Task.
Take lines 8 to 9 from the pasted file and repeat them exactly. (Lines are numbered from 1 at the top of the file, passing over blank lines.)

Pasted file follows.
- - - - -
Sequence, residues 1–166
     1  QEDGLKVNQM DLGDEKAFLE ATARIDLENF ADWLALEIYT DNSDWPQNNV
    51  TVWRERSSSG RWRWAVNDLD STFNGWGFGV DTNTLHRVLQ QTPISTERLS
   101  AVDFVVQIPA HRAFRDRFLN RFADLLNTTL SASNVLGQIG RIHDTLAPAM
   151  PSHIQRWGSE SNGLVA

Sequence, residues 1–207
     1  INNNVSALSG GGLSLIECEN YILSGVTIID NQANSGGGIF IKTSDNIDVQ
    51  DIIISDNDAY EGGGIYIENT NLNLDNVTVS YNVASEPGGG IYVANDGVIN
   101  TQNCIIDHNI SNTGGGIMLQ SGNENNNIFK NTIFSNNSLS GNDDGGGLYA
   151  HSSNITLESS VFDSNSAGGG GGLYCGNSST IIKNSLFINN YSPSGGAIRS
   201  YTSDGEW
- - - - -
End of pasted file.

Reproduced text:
    51  DIIISDNDAY EGGGIYIENT NLNLDNVTVS YNVASEPGGG IYVANDGVIN
   101  TQNCIIDHNI SNTGGGIMLQ SGNENNNIFK NTIFSNNSLS GNDDGGGLYA